This is one of the coolest things from the world of musicians with respect to IP and copyright. Some of the biggest names in Canadian music just put their feet down to tell the Big Labels not to be evil.

They have a handy website up, with their three principles:

  1. Suing Our Fans is Destructive and Hypocritical
  2. Digital Locks are Risky and Counterproductive
  3. Cultural Policy Should Support Actual Canadian Artists

So, the artists that have the most to gain from protecting the status quo are being very vocal about not wanting to be involved with it.

The odds of me spending cash on buying Canadian music just went way up. Some Broken Social Scene tracks are in my immediate future…

Automatically Updated Colophon

The colophon, listing the various bits that get twiddled to run my blog, has been woefully out of date. I get periodic emails about the various plugins I use, especially the latest Podpress plugin, so I thought it’d be a good idea to automate the process of updating the list. Enter the bdp_setup plugin by Bryan Palmer at ozpolitics.info.

The colophon is now automatically generated, and guaranteed to stay up to date for as long as I’m using WordPress to run my blog…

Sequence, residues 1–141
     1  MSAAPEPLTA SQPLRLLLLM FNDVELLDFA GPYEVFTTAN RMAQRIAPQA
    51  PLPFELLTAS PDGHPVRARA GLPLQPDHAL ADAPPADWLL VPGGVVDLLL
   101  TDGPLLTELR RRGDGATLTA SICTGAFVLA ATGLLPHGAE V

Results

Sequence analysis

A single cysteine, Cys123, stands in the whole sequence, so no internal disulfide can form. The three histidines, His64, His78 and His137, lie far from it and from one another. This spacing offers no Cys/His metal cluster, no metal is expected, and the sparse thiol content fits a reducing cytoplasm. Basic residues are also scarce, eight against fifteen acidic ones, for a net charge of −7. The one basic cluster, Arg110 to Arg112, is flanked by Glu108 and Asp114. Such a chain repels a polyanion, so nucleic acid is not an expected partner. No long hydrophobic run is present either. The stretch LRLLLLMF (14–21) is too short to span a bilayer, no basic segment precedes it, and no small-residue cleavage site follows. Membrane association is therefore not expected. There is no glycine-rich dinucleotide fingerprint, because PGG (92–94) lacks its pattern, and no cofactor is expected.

Identity Management Systems

For some of our projects here at the TLC, we need to be able to manage identity information – traditionally, user accounts, groups, roles, etc… We’re taking a bit of time to think about a better way of implementing this, and how to use a flexible, distributed identity model.

I’ve been going through some web searches to find out what others are doing. The “version numbers” are loosely based on Dick Hardt’s descriptions (with apologies to him if I’ve misinterpreted what he was trying to say).

“Identity 1.0″

  • centralized repository – institutional directory…
  • LDAP
  • OpenLDAP

“Identity 1.5″

“Identity 2.0″

Any glaring omissions? I’ll be editing this post as I go along (I’ve got the info in our TLC wiki, but that’s behind an Identity 1.0 login)

Flock pre-Cardinal Update